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Study Trip Commemorating Wars.
The Commemoration of the Second World War and the War of 1992-1995 in Bosnia and Herzegovina

Route and Destinations:

1. Zagreb 8. Jablanica
2. Jasenovac 9. Mostar
3. Donja Gradina 10. Sutjeska
4. Kozara 11. Gorazde
5. Prijedor 12. Srebrenica
6. Banja Luka 13. Sarajevo
7. Sarajevo
Sarajevo 2SrebrenicaGorazdeSutjeskaMostarJablanicaSarajevoBanja LukaPrijedorKozaraDonja GradinaJasenovacZagreb

Donja Gradina

Page Contents


Overview

The present-day memorial at Donja Gradina was an integral part of the Jasenovac memorial until 1991. The war and the creation of the Republika Srpska, to which the territory of the present-day memorial belongs, have fuelled the conflict regarding the remembrance of the victims of Jasenovac. At the Donja Gradina memorial, the number of 700,000 victims, a figure stemming from socialist times, is still propagated, while at Jasenovac, a figure of about 80,000 victims, a number which is accepted internationally to a large extent, has been adopted.

Presently, there exists no official website of the Donja Gradina memorial. Contact can only be established through the employees of the Jasenovac memorial.



Manuela Brenner: Donja Gradina – Site of the Mass Graves

The construction of a memorial for the victims of Jasenovac happened to be limited mainly to the Croatian or left side of the Sava. Thus, the mass graves of the camp which were located at Donja Gradina on the right side of the Sava were excluded. During the post-war years, these mass graves, in spite of their being overgrown by grass, trees and undergrowth, were clearly visible due to their rectangular form and the lowered ground. Beginning in the 1960s, when the Jasenovac memorial was already under construction, some of these mass graves were repeatedly examined. However, these examinations were never completed, neither in the 80s nor to this day. Although in the original plan for the memorial agreed on in Belgrade at the beginning of the 1960s, it did say that Donja Gradina was also to be part of the memorial, a clear emphasis was put on the complex on left side of the Sava. There, besides the representative memorial, a museum, curatorial rooms, an archive, and a parking lot were part of the plan and even a hotel for the village of Jasenovac. At the same time, there was no direct connection for visitors to get to Donja Gradina, which was located on the other side of the river, and the nearest bridge was five kilometers away.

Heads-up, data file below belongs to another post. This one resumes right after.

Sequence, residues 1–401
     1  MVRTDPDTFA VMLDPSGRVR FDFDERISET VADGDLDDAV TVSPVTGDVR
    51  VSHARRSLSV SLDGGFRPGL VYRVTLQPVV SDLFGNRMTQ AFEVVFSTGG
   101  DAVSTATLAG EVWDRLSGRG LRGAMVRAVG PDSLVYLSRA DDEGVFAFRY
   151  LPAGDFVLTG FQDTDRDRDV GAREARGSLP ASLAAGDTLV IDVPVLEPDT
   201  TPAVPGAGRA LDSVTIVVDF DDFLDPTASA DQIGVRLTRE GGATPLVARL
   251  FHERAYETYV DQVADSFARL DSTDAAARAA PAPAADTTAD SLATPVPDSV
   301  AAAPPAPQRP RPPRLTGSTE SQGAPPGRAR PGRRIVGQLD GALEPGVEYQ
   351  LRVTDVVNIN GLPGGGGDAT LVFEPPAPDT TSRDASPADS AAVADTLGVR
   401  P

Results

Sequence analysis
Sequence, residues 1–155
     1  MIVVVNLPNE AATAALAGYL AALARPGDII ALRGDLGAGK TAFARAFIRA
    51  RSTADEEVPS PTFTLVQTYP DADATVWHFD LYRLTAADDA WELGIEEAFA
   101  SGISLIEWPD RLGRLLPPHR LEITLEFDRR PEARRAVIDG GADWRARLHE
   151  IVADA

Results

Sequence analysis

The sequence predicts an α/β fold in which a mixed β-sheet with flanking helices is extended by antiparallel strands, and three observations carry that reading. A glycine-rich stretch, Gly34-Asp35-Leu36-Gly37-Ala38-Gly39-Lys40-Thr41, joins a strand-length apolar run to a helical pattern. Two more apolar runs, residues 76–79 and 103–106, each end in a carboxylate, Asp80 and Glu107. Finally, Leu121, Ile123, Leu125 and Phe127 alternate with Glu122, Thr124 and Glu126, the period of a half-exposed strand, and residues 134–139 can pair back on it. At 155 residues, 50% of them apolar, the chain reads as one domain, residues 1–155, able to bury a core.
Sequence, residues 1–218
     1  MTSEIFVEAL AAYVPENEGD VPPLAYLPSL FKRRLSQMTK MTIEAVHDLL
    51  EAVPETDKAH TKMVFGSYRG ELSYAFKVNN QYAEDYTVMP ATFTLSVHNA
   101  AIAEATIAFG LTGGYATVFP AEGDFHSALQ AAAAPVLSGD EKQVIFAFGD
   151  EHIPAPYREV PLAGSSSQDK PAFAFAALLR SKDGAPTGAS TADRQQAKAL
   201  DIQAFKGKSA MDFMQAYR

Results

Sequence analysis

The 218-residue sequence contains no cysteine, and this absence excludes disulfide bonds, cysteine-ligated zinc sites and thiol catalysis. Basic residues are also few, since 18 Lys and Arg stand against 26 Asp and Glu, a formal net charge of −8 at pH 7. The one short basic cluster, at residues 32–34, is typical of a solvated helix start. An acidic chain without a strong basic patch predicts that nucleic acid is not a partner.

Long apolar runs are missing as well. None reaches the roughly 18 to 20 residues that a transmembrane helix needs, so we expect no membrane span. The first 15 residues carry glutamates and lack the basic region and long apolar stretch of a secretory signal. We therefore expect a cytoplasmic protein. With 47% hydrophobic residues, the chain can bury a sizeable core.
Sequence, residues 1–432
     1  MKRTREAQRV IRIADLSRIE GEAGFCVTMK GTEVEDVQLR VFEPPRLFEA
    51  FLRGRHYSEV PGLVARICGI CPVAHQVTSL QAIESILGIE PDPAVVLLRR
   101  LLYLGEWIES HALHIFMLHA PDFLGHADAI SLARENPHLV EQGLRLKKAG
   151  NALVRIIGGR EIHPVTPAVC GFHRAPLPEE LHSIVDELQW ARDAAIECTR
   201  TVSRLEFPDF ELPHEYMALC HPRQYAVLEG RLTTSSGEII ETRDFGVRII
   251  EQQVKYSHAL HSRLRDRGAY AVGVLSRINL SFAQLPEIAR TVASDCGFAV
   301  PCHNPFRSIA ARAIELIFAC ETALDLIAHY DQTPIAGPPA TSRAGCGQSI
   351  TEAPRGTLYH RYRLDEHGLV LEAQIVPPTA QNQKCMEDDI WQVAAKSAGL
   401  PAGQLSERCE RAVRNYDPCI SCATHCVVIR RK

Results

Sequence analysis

In 1966, the opening of the Jasenovac memorial and the “stone flower” by Bogdanović was celebrated – without Tito who was not going to visit this site even once. During the next 20 years, Jasenovac became one of the most frequently visited memorials in Yugoslavia. Donja Gradina, on the other hand, the execution site of Jasenovac and the site of the mass graves, remained in a provisional state during all this time. At least the mass graves were provisionally equipped with makeshift stone tablets, the quality of which was however already deteriorating by the early 1980s. By all means, visitors of Jasenovac were told about Donja Gradina but despite all demands, no bridge was constructed over the river and not even a ferry connection was established. It was not until 1988 that Donja Gradina was officially opened as part of the Jasenovac memorial. Three years later, a new war began.